Advocate General Mengozzi considers that the age limit laid down by EU law for those seeking family reunification with their spouse may also be reached after the relevant application has been submitted
Pursuit of the legitimate objective of limiting the incidence of forced marriage must not adversely affect the right to family reunification of genuinely married couples
EU law(1) identifies the group of family members of third country nationals residing in a Member State who may be entitled to a residence permit on the ground of family reunification. With regard to spouses, in order to ensure better integration and to prevent forced marriages, Directive 2003/86/EC provides that Member States may impose a minimum age (no more than 21 years) for the purpose of family reunification. The directive does not, however, specify the point at which the sponsor and his or her spouse must have reached that minimum age limit.
Under Austrian law, the spouses must necessarily have reached the minimum age of 21 at the time the application for family reunification is submitted. An application submitted before both spouses have reached the age of 21 must be rejected, even if they reach that age in the course of the procedure.
In September 2010, Mrs Noorzia, an Afghan national, applied to the Austrian embassy in Islamabad (Pakistan) for a residence permit for the purpose of family reunification with her husband, also an Afghan national living in Austria. That application was rejected by the Austrian authorities on the ground that Mrs Noorzia’s husband had not reached the age of 21 at the time the application was submitted, even though he had, in any event, reached that age before the decision rejecting the application was adopted. Mrs Noorzia appealed against that decision. The matter was brought before the Verwaltungsgerichtshof (the Austrian Higher Administrative Court), which has requested the Court of Justice to consider whether Austrian legislation is compatible with the family reunification directive.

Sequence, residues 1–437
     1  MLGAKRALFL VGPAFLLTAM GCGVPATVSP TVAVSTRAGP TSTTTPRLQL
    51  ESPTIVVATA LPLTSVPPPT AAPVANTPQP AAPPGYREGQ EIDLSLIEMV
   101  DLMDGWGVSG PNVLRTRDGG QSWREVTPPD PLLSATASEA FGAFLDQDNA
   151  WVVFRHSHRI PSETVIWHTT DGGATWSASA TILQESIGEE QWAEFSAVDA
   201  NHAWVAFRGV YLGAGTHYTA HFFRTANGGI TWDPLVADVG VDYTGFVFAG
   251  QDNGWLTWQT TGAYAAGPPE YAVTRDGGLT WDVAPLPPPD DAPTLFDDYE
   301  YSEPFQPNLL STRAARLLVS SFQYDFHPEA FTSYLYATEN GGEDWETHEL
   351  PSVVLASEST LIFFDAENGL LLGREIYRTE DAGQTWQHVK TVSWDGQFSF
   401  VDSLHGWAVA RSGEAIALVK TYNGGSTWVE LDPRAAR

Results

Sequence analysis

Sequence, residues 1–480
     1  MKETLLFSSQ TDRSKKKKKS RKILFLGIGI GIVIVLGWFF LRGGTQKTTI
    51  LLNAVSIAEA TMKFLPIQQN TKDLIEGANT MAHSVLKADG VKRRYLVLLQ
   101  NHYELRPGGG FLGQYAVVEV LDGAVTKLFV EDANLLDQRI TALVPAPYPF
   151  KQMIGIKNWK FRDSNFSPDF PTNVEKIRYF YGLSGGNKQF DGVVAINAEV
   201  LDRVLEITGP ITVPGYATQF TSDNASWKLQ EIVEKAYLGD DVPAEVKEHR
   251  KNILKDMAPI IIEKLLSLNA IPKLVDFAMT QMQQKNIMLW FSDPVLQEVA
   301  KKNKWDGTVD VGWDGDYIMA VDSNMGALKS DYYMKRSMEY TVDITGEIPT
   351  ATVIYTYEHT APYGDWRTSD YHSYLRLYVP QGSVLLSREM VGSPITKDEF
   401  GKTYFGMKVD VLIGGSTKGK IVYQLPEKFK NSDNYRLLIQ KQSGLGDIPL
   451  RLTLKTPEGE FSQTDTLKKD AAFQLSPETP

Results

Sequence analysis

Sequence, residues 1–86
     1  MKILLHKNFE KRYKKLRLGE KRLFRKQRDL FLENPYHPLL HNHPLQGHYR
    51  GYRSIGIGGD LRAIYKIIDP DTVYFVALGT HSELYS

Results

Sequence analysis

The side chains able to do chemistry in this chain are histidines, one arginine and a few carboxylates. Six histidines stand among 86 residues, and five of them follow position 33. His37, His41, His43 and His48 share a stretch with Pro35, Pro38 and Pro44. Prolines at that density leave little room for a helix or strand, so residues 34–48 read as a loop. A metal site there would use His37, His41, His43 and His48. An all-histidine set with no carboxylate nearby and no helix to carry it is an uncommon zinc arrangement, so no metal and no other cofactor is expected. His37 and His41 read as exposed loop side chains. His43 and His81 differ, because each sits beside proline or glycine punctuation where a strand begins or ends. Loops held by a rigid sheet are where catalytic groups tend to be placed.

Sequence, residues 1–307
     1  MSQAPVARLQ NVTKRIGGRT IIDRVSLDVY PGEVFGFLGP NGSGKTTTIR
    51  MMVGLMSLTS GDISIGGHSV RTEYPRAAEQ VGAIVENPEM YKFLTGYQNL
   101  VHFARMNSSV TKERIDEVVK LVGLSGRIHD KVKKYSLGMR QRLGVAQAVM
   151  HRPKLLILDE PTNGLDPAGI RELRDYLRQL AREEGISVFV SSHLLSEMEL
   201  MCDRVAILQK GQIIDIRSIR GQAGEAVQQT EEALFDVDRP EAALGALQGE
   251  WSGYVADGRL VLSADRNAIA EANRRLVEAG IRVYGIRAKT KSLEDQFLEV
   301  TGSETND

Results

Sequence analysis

In his Opinion today, Advocate General Paolo Mengozzi makes the point first of all that the right to family reunification, which is conferred and governed by EU law, constitutes a specific aspect of the right to family life, which is, in turn, a fundamental right enshrined not only in the European Convention on Human Rights but also the Charter of Fundamental Rights of the EU.
The Court’s case-law has already made clear that authorisation of family reunification is the general rule and given that, in certain circumstances, the directive requires Member States to authorise reunification without conferring on them any margin of discretion in that regard, that obligation reflects clearly defined individual rights. Therefore, any margin of discretion conferred on Member States must not be exercised in such a way as to undermine the objective of the directive itself or its effectiveness.